Tuesday, February 12, 2013
Representatives from the school district, county and election commission came to the legislative delegation Monday to advocate their top priorities.
Council Chairman Bill Hearn highlighted the county’s efforts toward economic development, including water and sewer projects to the upper part of the county that will finally make industrial development possible in those areas.
The Winding Wood site, a 623-acre certified industrial park outside St. George that should be complete in the next month, will have parcels as large as 200 acres to attract large-scale industries, Hearn said.
A water project of the Lake Marion Regional Water Agency will bring water through Holly Hill to Harleyville.
The Ridgeville sewer diversion project is diverting sewer toward the Pine Hill Business Campus, on U.S. 17-A to the west of Summerville, to free up sewer capacity for the future Ridgeville Commerce Park, he said.
“We’re working on sewer, we’re working on water, we’re working on our roads … our plate is full. It can’t be done without the help of our allies,” he said.
Rep. Chris Murphy, who formerly served on county council, offered a word of warning on the local government fund, which council members complain is underfunded.
“There is a movement afoot to do away with the local government fund,” Murphy warned.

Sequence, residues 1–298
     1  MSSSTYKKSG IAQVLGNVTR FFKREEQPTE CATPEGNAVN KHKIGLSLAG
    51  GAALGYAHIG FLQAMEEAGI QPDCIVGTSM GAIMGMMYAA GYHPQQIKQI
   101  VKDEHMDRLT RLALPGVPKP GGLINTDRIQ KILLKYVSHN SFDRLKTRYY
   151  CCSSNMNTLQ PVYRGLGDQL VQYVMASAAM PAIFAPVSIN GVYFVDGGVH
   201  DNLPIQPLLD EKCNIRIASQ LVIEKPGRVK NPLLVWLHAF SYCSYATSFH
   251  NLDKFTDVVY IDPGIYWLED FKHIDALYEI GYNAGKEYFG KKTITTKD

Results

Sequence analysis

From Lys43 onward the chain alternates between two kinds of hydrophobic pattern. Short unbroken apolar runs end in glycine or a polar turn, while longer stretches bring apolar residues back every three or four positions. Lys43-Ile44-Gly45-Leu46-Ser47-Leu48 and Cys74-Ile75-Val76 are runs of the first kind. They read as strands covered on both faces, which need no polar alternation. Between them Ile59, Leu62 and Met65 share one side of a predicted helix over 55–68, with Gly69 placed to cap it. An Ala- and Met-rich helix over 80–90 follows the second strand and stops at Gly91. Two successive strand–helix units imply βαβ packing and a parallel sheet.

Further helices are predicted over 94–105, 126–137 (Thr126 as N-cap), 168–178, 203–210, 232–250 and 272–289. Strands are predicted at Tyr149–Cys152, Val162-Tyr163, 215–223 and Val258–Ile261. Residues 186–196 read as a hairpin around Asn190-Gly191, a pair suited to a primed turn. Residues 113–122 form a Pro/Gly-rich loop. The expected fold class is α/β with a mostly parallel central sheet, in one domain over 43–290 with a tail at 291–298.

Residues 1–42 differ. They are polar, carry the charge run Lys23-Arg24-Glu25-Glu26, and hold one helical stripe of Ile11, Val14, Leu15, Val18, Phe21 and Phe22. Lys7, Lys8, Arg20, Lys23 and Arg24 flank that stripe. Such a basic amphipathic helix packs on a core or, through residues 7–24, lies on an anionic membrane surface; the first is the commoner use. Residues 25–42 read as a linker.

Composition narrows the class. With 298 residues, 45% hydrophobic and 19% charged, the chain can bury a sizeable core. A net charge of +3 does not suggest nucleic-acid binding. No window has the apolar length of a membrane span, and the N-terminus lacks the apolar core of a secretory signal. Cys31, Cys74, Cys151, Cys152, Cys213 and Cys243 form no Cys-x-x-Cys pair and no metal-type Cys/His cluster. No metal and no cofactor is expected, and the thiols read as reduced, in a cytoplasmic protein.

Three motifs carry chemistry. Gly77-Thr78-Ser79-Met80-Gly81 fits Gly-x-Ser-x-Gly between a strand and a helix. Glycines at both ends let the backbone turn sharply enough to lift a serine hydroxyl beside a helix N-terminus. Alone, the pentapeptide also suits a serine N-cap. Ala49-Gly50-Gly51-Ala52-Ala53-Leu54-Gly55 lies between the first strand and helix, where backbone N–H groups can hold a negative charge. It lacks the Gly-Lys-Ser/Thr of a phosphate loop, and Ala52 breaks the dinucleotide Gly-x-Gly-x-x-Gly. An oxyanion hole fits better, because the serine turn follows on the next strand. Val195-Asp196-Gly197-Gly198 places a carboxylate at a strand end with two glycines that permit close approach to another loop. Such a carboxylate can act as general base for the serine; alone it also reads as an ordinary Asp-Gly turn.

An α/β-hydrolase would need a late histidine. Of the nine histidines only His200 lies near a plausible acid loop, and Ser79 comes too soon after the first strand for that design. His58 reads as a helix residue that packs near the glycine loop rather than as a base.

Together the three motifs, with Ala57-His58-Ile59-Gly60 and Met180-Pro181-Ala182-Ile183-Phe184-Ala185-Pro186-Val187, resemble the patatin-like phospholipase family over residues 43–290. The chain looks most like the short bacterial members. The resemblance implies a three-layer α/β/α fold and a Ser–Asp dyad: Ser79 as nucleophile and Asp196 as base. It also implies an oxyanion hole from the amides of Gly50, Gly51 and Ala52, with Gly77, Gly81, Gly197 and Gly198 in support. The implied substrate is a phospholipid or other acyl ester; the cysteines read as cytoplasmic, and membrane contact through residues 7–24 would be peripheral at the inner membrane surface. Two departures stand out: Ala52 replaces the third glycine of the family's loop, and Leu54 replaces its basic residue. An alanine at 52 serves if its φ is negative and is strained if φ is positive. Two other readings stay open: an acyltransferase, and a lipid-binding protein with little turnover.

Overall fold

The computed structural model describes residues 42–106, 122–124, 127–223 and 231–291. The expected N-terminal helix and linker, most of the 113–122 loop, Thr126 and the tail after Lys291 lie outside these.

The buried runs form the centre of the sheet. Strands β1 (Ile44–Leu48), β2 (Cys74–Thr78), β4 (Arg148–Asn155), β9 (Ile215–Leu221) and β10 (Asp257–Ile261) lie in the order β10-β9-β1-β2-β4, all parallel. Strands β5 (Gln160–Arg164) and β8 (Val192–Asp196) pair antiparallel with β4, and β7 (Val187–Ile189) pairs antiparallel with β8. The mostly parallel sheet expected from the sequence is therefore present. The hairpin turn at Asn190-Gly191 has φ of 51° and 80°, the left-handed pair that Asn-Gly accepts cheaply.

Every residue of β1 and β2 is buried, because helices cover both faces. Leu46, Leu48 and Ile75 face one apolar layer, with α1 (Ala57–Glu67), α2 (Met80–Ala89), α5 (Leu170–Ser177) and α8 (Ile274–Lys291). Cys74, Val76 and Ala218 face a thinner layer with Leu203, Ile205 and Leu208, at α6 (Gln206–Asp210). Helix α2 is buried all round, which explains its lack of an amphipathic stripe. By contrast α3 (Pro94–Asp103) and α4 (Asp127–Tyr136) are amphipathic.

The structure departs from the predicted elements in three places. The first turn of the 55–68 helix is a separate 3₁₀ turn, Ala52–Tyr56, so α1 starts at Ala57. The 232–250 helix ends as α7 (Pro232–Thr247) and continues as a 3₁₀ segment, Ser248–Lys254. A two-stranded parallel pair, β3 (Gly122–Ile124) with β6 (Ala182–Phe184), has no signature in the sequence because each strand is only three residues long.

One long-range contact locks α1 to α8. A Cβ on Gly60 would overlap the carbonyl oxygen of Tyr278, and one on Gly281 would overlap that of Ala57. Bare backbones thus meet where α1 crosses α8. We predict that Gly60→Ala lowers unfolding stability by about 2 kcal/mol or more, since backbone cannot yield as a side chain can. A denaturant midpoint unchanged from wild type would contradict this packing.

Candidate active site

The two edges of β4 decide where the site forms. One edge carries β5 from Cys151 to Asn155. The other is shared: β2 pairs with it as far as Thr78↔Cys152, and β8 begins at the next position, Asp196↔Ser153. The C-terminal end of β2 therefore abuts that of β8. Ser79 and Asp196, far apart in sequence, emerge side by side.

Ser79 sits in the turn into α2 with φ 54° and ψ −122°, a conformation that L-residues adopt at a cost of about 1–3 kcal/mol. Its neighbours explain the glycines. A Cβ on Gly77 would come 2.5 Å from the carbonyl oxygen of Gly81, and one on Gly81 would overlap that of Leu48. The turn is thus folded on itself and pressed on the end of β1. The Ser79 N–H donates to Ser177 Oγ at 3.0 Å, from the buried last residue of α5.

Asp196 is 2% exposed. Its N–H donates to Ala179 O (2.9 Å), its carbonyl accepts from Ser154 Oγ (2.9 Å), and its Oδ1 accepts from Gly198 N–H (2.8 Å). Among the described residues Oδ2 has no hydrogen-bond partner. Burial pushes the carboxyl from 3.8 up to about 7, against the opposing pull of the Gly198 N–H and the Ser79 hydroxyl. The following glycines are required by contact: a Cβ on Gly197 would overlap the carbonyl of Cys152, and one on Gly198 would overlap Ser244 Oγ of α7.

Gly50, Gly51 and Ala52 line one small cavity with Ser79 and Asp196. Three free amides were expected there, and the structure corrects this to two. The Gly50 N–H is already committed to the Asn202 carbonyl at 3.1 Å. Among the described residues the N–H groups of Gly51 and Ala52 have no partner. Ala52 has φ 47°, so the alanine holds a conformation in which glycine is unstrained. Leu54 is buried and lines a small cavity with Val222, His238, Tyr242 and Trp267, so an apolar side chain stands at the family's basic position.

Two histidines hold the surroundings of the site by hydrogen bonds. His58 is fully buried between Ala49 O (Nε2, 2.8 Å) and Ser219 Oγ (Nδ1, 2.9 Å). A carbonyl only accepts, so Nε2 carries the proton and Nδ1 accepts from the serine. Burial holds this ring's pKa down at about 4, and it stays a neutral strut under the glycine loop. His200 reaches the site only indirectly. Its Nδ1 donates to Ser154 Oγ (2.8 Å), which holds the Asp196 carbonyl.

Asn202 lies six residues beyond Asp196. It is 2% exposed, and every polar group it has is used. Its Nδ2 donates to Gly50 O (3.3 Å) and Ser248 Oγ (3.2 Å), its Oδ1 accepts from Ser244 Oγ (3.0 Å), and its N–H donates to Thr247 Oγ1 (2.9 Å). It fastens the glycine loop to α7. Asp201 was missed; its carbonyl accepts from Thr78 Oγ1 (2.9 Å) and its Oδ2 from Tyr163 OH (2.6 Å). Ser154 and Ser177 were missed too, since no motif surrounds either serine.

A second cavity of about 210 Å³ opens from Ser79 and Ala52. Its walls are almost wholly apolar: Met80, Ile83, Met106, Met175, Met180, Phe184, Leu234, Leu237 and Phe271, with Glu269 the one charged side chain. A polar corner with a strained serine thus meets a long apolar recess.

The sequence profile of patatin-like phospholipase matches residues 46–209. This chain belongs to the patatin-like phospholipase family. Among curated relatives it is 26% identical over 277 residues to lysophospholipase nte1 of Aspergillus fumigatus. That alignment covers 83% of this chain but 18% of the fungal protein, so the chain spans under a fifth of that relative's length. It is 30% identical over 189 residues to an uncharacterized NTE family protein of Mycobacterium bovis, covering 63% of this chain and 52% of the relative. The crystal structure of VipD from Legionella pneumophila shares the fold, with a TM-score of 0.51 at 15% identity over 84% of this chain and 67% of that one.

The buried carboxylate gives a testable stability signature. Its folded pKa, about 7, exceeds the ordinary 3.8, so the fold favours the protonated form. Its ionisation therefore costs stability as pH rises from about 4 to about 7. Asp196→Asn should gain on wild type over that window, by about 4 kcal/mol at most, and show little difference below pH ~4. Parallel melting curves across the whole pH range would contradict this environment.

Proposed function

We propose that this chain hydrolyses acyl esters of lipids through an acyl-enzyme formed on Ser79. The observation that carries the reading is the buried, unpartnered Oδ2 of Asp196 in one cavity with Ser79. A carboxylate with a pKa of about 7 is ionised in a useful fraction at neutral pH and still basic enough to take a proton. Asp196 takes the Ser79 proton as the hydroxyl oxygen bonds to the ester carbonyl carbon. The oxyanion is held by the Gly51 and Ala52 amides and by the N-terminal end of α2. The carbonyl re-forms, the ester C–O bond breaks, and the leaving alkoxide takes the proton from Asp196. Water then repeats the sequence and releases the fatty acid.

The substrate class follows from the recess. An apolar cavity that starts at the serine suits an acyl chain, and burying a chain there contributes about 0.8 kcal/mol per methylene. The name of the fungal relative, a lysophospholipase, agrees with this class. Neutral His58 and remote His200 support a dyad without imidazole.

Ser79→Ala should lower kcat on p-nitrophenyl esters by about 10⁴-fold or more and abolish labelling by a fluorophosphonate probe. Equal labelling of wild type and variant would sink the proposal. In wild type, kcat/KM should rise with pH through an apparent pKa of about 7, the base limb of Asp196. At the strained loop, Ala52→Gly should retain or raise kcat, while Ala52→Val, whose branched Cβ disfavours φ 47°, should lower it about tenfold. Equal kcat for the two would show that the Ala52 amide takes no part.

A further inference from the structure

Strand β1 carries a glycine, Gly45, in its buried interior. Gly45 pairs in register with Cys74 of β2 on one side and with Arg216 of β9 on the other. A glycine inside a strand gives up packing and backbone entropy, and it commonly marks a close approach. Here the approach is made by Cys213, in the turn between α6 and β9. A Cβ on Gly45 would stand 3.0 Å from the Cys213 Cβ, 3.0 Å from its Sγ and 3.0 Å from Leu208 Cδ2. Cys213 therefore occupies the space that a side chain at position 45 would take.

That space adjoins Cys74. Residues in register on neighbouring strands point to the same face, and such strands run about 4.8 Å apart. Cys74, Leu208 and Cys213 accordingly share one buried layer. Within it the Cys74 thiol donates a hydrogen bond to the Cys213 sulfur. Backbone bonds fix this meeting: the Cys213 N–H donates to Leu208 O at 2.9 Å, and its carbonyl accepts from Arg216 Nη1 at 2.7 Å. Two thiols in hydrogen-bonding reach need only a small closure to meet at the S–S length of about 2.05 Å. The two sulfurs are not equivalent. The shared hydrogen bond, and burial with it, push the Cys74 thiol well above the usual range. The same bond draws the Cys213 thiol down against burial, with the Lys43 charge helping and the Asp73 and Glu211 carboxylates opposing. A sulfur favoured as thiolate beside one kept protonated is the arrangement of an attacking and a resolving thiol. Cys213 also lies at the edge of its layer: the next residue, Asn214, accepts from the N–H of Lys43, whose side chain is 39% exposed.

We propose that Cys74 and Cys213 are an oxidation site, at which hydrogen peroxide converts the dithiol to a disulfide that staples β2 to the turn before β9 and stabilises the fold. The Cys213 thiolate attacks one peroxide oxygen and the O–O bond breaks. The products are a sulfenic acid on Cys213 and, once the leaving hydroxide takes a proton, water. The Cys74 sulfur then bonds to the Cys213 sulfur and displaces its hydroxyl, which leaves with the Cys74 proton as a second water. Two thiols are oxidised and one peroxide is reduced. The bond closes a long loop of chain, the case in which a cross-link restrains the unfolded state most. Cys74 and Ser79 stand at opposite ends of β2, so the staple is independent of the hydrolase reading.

He encouraged the county and municipalities to attend meetings of the committee discussing the fund and keep abreast of developments.
For the schools, Dorchester District 2 Chief Financial Officer Allyson Duke said the district has problems with old buses and wants the state to provide step increases for teachers.
The district agrees with school choice but doesn’t want money from the public schools diverted to private schools.
She also noted the district, as well as all other districts in the state, are transitioning to Common Core standards. There is a bill in the General Assembly to ban Common Core, she said.
Joshua Dickard, executive director of the Dorchester County Board of Elections & Voter Registration, outlined the priorities of the S.C. Association of Registration and Election Officials.
The top priority is early voting, he said. Other priorities include deleting the requirement for a signature on absentee ballots, reducing legal notice for elections to 45 days from 90 days, allowing election commissions to advertise in other ways besides the newspaper, allowing a registered South Carolina voter to work as a poll worker in any county, and reconciling conflicts between election law and ethics law.
He noted the Senate recently passed a bill dealing with the conflicts that led to hundreds of candidates being tossed from the ballot last year.
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